Speaker 1:

She was this most glowing, glowing, vibrant Beauty, the beauty of the islands. It's what happened, happened because she's a 10 cow or 20 cow wife, it's not a one cow wife. The way he saw her and she became that I Really do believe that. You know, I wrote in the beginning, it's about beauty needs a witness and he really see that, he really tried to see Get out of your normal life sucks when job sucks everything sucks.

Speaker 1:

The world's beating me up and not being fair to me. Get out of that kind of like Thinking. Instead, look for beauty and cast away things that don't feel like beauty. Your job, your obligations, are your commitments, your obligations, and look for the beauty in what you have. Look for the beauty in the gratitude and the grace and what you have, and call for it because, as leaders, this is what this is, this is what the calling is. I Wrote that and this is very much a leadership calls, especially in the end here, and it isn't a call to guys who take you out there and lead a club or lead a you know, I don't know. It's a call to leadership of yourself and and to make choices, of leading your perspectives and reading how you want things to be in your relationship. For instance, to lead it by saying I choose beauty and I want to see is a beauty, so be my beauty.

Speaker 4:

So we've been talking about intimacy. You're going off. How deep do you guys think we are in the ocean right now? Well, it definitely.

Speaker 1:

Boy, I could talk and talk, and talk, and talk, believe me, and it's all a Mix of really absolute things I say in a mix of like, wow, what a, what a glorious opportunity to learn things that we have. How exciting is that that we can learn new ways of being, and they share that and talk about it and what else is there?

Speaker 3:

My job Beauty, and I was just thinking about it, but I have. I have the luxury of operating a machine that sits about 60 meters above the earth. The last job I had was actually overlooking the boardwalk and back in Australia, on the Gold Coast, and you see boats going up and down. Oh wow, you get, you get an oculose. You look at the girls on the street, you know. I remember one one time there's like a little inlet and then broad water goes Along the beach, yeah, and you can see dolphins Going up and down the broad water and you get to sit up there under just looking at it.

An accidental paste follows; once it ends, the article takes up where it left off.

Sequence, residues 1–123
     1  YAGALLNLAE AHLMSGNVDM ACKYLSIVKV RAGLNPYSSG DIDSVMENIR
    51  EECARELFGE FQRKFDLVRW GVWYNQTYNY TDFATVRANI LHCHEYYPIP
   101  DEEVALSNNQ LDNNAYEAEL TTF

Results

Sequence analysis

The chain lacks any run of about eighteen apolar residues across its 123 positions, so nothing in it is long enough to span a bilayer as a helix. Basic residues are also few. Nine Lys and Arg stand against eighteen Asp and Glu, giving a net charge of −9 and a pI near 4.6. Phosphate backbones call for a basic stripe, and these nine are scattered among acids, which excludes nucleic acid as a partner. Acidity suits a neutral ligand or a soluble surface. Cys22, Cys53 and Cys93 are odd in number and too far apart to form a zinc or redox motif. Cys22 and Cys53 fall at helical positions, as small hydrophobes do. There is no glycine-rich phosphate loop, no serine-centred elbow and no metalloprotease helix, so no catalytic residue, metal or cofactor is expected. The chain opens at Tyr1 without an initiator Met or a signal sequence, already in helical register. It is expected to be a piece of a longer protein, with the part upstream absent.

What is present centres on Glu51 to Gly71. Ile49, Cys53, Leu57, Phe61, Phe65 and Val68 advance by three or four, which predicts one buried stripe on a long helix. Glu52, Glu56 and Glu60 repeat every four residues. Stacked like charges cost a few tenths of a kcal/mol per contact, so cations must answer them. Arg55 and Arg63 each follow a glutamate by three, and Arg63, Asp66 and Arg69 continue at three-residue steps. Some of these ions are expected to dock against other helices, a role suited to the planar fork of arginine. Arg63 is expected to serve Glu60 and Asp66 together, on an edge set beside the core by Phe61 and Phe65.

Speaker 1:

Look at her, it's beautiful blue water beach girls See that that kind of thing would just like I.

Speaker 3:

to me that's profound, I think wow, how lucky am I, how lucky am I and they give me money to do this. That's just big building frames right.

Speaker 4:

There's a scene in great as a scene in that book that you recommend, the Memoirs of a buck. In here the French guy says guy in France and sells himself into slavery because he's bored of working at home in 17th century France. It becomes a slave and then kills the owner of the ranch and becomes a pirate and takes over a succession of boats until he's Got a fleet of 40 pirates and he sails around the Caribbean and he talks about after a battle he he was coming back and everyone was weary and tired after like five days of cannon fire and Gunpowder and all that kind of stuff. He's sailing across the ocean On to the next place and he finally puts his arms behind his back and has a like a mug of rum Beside him and he says in that moment I started to see these two dolphins and they swam behind us Across the ocean and they just followed up by all the way out and and he's there like Finally on seeing beauty, you know, after all this wild adventure.

Speaker 4:

And then the authorize in the footnotes that there's never been any recorded sightings of dolphins in this part of the Caribbean. The author must have been either hallucinating or making things up for the sake of his death. That's some good rum. That's some good rum, man. That's grog. That's shit grog. That's funny.

Love, Connection, and Finding Happiness
Seeking Beauty and Meaning in Life
Finding Beauty and Leading With Gratitude
Piracy, Dolphins, and Rum